John Mattingly: Socratic Rancher 9-16-13
SALT is also the acronym for Strategic Arms Limitation Treaty, which is an interesting point of coincidence and conversation, given that gunpowder is saltpeter (potassium chloride) mixed with sulfur and carbon.
Though we don’t think of salt as a strategic or explosive commodity today, the history of salt includes considerable conflict. Control of saltworks was often key to the thriving, or survival, of a civilization. Early villages, and later, cities, were purposely located near salt works because, prior to refrigeration, salt figured prominently in many forms of food preservation.
Humans first produced salt by either mining dry lake beds or evaporating salt water by fire or sun. There is evidence that the first wars over salt took place in China around Lake Yuncheng. Chinese legend tells of battles continuing over at least a thousand years over control of the Lake’s salt. There is an abundance of human bones around the Lake, with marks in the bones and skulls indicating battle wounds.
Lake Yuncheng may have been the first salt source developed by organized human culture, perhaps as much as 10,000 years ago, prior to human understanding that salt could be obtained by evaporation, or, later, by mining rock salt. Chinese history is full of conflicts regarding control of salt for the making of soy sauce and pickling. The Qin Dynasty, some 3,000 years ago had a salt tax that led to rebellions, and the Han Dynasty of more recent times had a monopoly on salt and iron that caused numerous uprisings.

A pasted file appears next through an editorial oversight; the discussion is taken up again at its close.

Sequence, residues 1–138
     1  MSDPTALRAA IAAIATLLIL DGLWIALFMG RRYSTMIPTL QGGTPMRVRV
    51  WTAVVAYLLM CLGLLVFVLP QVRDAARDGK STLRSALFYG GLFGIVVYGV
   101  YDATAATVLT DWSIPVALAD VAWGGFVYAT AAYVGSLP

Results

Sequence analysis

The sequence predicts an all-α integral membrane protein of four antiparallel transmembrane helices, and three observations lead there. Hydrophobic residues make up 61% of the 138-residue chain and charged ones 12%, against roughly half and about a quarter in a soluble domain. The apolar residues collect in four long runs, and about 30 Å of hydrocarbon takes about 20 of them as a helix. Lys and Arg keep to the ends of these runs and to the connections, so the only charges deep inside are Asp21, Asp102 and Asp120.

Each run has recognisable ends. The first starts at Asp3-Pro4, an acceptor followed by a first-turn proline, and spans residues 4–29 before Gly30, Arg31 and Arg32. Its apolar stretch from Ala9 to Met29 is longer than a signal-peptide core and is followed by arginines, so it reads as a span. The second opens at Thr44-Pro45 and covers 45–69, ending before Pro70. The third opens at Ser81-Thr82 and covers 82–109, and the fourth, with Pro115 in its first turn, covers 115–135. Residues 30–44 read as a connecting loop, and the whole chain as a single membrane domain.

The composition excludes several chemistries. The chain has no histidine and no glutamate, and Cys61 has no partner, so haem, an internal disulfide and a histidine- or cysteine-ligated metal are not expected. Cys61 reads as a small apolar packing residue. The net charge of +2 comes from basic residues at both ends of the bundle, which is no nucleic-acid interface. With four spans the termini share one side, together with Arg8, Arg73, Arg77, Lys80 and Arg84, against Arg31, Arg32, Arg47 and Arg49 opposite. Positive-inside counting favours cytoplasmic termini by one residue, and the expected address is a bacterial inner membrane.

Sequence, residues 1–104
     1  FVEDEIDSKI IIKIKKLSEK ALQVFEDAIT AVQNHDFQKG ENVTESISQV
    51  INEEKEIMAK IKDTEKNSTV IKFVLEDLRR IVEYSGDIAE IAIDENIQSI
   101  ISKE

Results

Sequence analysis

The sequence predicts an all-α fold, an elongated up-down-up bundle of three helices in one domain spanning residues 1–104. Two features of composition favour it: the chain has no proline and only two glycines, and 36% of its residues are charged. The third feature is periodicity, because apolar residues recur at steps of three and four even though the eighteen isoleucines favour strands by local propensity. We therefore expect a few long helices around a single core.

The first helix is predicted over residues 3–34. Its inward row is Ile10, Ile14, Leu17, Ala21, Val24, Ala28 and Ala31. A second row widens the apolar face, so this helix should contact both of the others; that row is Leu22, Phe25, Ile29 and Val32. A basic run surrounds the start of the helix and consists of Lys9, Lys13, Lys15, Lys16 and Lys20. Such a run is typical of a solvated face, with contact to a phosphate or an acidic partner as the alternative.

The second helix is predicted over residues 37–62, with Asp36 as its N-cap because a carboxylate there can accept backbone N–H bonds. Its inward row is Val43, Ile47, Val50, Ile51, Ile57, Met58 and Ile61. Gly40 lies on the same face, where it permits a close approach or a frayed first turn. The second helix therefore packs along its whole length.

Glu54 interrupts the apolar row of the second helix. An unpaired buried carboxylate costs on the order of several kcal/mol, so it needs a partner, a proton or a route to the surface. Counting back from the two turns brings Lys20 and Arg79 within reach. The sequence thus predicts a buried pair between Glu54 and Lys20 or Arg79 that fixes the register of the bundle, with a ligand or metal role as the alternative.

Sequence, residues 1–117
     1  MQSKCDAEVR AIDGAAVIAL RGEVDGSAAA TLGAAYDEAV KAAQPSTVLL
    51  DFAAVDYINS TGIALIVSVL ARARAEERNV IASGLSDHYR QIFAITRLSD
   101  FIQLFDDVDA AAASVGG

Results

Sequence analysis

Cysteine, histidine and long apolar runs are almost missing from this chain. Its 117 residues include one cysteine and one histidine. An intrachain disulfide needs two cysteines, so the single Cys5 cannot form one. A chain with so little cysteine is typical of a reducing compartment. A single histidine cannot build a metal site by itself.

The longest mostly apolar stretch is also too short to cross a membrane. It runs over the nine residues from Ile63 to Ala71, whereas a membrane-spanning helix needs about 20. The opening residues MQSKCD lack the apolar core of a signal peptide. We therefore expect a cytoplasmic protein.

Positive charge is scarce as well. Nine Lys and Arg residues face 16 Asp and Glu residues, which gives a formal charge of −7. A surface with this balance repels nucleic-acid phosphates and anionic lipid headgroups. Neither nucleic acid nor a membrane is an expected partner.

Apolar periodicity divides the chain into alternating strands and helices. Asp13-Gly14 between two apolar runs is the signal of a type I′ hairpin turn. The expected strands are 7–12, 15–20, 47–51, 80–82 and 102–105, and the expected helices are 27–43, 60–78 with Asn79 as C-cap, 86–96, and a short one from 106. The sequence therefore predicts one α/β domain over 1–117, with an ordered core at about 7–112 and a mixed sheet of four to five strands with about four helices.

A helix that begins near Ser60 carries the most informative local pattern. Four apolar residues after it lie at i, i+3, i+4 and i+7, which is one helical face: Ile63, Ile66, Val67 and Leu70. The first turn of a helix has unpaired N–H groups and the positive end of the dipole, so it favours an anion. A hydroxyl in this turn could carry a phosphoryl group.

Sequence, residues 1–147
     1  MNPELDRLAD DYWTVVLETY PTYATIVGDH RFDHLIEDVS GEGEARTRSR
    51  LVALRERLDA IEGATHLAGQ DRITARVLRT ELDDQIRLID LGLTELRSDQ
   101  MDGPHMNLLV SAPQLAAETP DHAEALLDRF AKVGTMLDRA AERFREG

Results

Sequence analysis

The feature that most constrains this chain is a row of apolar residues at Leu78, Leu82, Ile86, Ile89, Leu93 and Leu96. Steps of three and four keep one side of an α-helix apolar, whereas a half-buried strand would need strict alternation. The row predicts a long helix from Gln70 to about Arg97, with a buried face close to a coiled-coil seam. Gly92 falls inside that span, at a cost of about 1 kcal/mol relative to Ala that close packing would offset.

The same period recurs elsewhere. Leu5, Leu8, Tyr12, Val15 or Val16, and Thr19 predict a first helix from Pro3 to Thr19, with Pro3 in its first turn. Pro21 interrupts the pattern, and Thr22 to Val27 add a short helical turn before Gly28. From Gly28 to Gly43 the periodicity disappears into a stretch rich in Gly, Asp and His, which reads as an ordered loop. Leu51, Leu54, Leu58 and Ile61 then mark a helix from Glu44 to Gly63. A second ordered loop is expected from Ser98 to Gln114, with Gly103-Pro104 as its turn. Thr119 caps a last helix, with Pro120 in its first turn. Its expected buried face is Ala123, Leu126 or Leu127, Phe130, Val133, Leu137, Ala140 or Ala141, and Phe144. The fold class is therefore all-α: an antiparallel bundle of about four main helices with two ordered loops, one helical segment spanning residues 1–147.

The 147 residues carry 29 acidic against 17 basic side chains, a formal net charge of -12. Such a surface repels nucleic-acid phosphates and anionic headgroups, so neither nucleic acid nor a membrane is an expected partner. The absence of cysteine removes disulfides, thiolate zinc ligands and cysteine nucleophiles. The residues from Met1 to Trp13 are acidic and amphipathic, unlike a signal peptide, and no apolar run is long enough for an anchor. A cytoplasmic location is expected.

The Roman Empire had over 60 saltworks as the Roman soldiers conquered the Mediterranean. Salt was critical to the feeding of soldiers and maintenance of horses. Roman soldiers were often paid in salt, which is the origin of the word salary, as well as a person being “worth their salt.”
Roman society was divided between the rich, the patricians, and the working folks, the plebeians. For the plebeians, a standard meal consisted of olives, bread, wine and salt. Because fish were the staple of the patrician diet, fish and salt often were found together. The Romans produced garum, which has been called “Roman soy sauce.” Garum is made by placing the various waste parts of the fish — the intestines, tail, and head, together with smaller fish such as smelt and sprats — in a container with a steep brine. The mix is shaken frequently and fermented in the sun, then boiled. The resulting condensate is garum, and was used for everything from flavoring to healing. Bottled garum was mixed with herbs and sold as a digestive elixer. After the fall of the Holy Roman Empire, garum disappeared from the Mediterranean region, falling from favor, and use, as an example of patrician excess.
In Medieval times, brine wells were common fixtures on feudal estates, and were pumped by peasants or prisoners who “walked the salt wheel.” The salt wheel measured about 20 feet in diameter and was turned by two peasants, chained at the neck, walking on treads that turned a rope that elevated the brine buckets. Control of the brine wells by cities marked the transition in much of Europe from feudal estates to city states.
It is hard to imagine these days — when salt is largely taken for granted, being readily available and relatively inexpensive — that there have been times when salt, the only rock humans eat, was such a strategic substance. ❖
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